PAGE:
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Bicomponent fibres

Pilot line for research and prototyping

bicoschema.pngCentexbel's extrusion line is at the industry's disposal to carry out private or collective research projects in collaboration with us.
You may also rent the extrusion line (paying service) to create prototypes or to perfect a certain product. Also in this case, the extrusion line will be serviced by our experienced operators.
During the set-up of the line, we have paid much attention to flexibility and a minimal use of resources. Although we can simulate high production speeds, the line is not designed to produce large quantities of yarns.

However, we have learned that yarns, developed and optimised on the Centexbel extrusion line, are being produced on an industrial scale very soon afterwards.

What are bicomponent fibres?

Bicomponent fibres are made from two components distributed over the entire length of the fibre. Each component may have different physical or chemical properties. They may either belong to the same type of polymer or be totally different polymer types. By "co-extruding" two polymers into one single fibre, the different properties of both polymers are combined. The newly created bicomponent fibre will have new properties and can be applied in many new applications. The properties and possible applications depend on both the properties and combination of the different polymers and additives and on the specific configuration (shape) of the bicomponent fibre.

Concentric Sheath/Core

concentrisch-mantel-kern.pngThis configuration is mainly used in melt fibres with a sheath made from polymers with a low melting point around a core with a high melting point. When heated, the sheath will melt; the consequent cooling will bind the nonwoven or composite structure. Concentric sheath/core fibres are also applied to produce fibres with a quality (expensive) and/or weaker external polymer layer around a cheaper but more resistant core.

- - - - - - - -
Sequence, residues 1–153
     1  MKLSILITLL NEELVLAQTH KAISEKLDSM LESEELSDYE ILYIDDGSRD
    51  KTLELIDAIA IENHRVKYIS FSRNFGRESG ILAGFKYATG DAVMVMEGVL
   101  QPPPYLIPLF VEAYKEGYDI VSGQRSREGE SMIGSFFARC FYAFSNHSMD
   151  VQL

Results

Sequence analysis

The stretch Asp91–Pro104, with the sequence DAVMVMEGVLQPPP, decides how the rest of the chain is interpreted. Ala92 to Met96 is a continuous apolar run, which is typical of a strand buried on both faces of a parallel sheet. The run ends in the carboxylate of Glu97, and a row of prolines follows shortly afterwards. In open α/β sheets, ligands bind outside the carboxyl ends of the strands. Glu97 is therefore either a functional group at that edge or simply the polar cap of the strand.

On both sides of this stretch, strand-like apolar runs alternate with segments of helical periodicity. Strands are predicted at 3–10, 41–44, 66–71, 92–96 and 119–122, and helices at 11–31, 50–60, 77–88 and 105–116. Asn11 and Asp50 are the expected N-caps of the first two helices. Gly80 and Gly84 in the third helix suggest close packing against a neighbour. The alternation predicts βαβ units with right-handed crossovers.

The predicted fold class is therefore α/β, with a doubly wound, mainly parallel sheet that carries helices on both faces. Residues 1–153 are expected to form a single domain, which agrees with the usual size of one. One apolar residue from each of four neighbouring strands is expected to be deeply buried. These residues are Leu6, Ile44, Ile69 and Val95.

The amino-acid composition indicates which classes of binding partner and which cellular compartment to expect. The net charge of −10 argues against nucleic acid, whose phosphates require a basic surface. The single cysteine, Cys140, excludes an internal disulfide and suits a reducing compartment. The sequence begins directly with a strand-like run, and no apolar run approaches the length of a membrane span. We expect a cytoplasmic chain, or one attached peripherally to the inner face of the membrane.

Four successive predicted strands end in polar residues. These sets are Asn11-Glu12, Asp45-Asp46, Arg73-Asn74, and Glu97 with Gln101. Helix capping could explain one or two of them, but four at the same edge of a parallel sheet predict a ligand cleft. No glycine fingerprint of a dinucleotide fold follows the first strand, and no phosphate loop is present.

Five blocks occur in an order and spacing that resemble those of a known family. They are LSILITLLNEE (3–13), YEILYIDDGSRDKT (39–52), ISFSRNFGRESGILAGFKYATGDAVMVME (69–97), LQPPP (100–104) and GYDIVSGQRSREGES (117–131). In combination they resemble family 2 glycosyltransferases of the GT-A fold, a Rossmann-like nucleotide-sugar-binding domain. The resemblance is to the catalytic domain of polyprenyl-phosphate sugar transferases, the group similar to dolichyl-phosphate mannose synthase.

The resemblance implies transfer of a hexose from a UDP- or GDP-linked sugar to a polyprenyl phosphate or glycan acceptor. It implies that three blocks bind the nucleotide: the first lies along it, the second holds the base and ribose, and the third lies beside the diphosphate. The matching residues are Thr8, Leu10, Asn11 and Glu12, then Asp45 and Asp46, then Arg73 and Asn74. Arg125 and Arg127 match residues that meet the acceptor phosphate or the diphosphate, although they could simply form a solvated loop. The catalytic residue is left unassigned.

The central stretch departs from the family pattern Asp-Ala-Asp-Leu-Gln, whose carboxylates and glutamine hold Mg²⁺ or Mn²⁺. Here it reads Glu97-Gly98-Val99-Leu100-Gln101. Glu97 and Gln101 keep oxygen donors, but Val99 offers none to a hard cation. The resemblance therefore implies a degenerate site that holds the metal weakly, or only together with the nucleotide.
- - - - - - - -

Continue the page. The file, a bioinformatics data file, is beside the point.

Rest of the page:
Eccentric Sheath/Core

excentrisch-mantel-kern.pngIn contrast to the concentric sheath/core configuration, the core here is out of centre. Due to the different shrinking ratios of both polymers, the fibre will curl when it is heated in a relaxed state.
By doing so, it is possible to add crimp and volume to the fibre.

Side-by-Side

side-side.pngBoth polymers occupy an equal part of the fibre surface.
Depending on the chosen polymers, the fibre may develop more crimp than the excentric sheath/core configuration.

Pie Wedge

This construction is made of sixteen adjoining "pie wedges". pie-wedge.pngEach pie wedge of polymer A is flanked on both sides by a polymer B.
The fibres are designed in such a way that mechanical action causes the different pie wedges to split into microfibres of 0.1 to 0.2 denier.

Islands/Sea

island-sea.pngIn this configuration, polymer A represents the islands, and polymer B the sea. This fibre structure allows that a lot of fine yarns of a fibre polymer configuration are placed into the matrix of a soluble polymer. By dissolving the latter, a fabric is produced on the basis of very fine microfibres. In this way it is possible to obtain finer fibres than by directly extruding fine fibres.

These five basic configurations can be adapted in function of the desired fibre or yarn properties. It is for example possible to limit the number of islands to produce conductive yarns. On the other hand, it is possible to provide a hole in the pie-wedge configuration (hollow pie wedge) to split the filaments even more easily. The yarn diameter can be adapted to produce trilobal (instead of round) filaments with a sheath/core or side/side structure for carpet applications.

Bicomponent fibres are actually being applied in the production of :

  • microfibres (hygiene)
  • conductive fibres
  • antimicrobial textiles
  • autocrimp fibres
  • elastic fibres
  • composites
  • non-wovens…